via Stephen Downes.
I share with Scott Leslie that it is
frustrating about documents like this and its ilk is that the various standards and specifications are presented to users as something to be concerned about outside of the context of specific content development tools and practices... there's neither an overwhelming array of good development tools which support this standards-based vision, nor well documented (or well practiced) instructional design processes that marry reusability with learning effectiveness as dual goals of the content creation process.
I am also quite disappointed that this "Best Practice Guidelines" does not make the distinction between "learning object" and a special case of "learning objects" - SCO as defined by SCORM. Narrowing down the over generalised "learning object" concept to a specific implementation (i.e. SCO) is a step forward, but we need to acknowledge that distinction and should not confuse readers in thinking that SCO is "learning object".
The guideline does point out important aspects of VLE (page 9).
VLE has five other core functions:
• content is mapped against an appropriate curriculum
• learners can be assessed
• learners’ progress can be tracked
• it offers methods of communication (e.g. a discussion forum)
• it provides tutor support tools.
Unfortunately, I don't see how VLE can map content against any curriculum. It is the course designer's job to map the course against any curriculum.
Via SCORM, VLE can capture the responses of the learners' assessment and track learners' position relative to the course. Again, knowing the position of a learner in a course is NOT the same as knowing the progress of this learner. Together with some formative evaluation, we may know a little about the progress of the learner.
The reporting of the assessment data and "progress" are implemented differently among VLE. The interpretation of the data, if available, is an art than a science. Much has to be learnt in this area.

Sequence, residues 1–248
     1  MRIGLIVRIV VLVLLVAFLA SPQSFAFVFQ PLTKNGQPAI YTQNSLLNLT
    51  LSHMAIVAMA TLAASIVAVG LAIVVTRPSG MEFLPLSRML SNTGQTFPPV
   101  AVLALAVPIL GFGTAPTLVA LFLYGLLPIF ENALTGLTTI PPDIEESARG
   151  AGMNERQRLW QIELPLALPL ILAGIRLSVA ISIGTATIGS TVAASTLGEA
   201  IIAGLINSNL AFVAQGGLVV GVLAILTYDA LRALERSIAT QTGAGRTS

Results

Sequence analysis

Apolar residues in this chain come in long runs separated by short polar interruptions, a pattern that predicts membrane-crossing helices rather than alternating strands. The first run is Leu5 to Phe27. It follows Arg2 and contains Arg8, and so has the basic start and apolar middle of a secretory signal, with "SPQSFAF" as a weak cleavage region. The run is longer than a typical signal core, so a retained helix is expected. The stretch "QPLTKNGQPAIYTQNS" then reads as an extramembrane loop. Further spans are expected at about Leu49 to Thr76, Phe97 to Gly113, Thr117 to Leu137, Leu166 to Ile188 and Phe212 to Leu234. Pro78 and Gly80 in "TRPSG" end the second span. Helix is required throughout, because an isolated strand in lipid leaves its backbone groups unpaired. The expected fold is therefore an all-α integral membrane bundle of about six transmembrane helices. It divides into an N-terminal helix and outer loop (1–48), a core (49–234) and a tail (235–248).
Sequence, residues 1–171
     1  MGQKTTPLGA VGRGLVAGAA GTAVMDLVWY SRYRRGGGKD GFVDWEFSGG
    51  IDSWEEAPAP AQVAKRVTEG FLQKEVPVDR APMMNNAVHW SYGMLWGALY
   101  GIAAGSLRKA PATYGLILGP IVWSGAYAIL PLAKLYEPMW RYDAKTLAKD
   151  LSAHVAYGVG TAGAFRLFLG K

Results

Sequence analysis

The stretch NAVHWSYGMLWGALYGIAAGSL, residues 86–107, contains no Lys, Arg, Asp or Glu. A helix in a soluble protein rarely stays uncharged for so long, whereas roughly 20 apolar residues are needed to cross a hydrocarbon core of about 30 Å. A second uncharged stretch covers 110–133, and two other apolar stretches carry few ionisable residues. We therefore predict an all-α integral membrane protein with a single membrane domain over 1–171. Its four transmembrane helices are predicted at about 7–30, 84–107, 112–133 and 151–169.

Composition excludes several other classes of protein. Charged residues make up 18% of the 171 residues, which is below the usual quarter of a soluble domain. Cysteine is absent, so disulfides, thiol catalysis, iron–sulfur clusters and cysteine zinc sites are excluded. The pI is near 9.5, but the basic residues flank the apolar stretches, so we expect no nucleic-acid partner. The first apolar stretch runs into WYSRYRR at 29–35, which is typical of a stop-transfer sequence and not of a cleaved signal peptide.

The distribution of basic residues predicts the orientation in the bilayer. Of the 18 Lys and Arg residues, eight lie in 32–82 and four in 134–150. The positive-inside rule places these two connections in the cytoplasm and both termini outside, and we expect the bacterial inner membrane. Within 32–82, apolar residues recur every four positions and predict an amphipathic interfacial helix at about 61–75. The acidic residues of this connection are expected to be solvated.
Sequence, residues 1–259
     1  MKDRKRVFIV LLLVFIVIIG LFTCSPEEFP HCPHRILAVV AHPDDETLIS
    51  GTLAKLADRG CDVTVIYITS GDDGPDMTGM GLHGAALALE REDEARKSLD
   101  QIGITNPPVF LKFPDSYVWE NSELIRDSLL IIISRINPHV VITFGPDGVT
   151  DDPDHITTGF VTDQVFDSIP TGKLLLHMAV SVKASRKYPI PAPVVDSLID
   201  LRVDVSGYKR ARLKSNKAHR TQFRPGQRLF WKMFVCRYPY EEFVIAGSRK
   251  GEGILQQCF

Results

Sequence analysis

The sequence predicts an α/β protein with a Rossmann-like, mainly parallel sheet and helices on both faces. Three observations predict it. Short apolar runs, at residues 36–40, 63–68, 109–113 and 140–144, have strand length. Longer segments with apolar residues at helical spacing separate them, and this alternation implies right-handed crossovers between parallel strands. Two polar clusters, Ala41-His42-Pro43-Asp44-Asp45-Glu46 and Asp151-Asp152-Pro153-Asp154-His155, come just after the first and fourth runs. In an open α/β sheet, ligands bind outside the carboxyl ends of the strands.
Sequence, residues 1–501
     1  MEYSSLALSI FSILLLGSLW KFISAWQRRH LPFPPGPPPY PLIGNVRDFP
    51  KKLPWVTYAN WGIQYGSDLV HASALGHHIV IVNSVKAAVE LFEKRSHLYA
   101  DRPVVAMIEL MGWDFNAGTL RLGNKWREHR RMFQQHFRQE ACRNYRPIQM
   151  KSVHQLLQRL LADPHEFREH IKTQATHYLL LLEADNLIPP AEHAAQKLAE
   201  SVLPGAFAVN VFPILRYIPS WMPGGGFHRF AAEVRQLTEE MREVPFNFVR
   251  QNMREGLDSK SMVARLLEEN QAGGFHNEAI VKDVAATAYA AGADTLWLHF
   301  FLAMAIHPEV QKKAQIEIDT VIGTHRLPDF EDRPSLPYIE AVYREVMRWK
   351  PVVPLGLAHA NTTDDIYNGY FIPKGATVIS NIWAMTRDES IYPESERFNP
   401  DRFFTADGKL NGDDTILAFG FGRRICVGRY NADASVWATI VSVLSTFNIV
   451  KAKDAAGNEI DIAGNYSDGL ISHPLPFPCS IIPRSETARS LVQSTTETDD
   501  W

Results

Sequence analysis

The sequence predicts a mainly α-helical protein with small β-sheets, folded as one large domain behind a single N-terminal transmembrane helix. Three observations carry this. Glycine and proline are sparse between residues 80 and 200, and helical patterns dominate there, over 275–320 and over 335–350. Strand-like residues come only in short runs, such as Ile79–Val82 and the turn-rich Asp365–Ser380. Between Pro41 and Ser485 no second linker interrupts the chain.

Equally, most VLE implements the communication differently. Some offer discussion forum as a global cafe type of space where everyone can join. Other offer course related discussion forum limited to the participants of the course. Yet some have both. However, most of the discussion forum is offered in parallel to the SCORM course and the integration/linkage between the course content and the discussion is non-existent. It is up to the tutor to bring the content into the discussion area.
That also brings to the last point - tutor support tools. I am yet to see good implementation of tutor support tool. I would appreciate anyone pointing out some implementations for us to have a feel of what tutor support tool is.
Standardisation in the level of SCORM course and SCO is a tiny step forward. However the limitation imposed by such standardisation is already overwhelming. We need to think outside the current square to come up with a better inter-operability approach. The first thing I would suggest is to forget about the notion of "pedagogical free" learning objects and framework. Let us try the other way around. Identify powerful and effective pedagogical approaches (learning structure) and implement solutions to these approaches. Instructional designers/teachers/course developers who subscribe to a particular pedagogical approach will be supported by the implementation solution based on that pedagogical approach. Hence there will be little or no compromise in terms of delivering the best pedagogy.
The most fundamental idea of inter-operability is to reduce redundancy in development efforts. But when standardisation equals compromises in innovation and effectiveness, we need to think again. Which is more important, standards or effectiveness?
ps The current SCORM model does do a good job for a particular pedagogical model - delivery of information. So we should keep it that way and use it appropriately.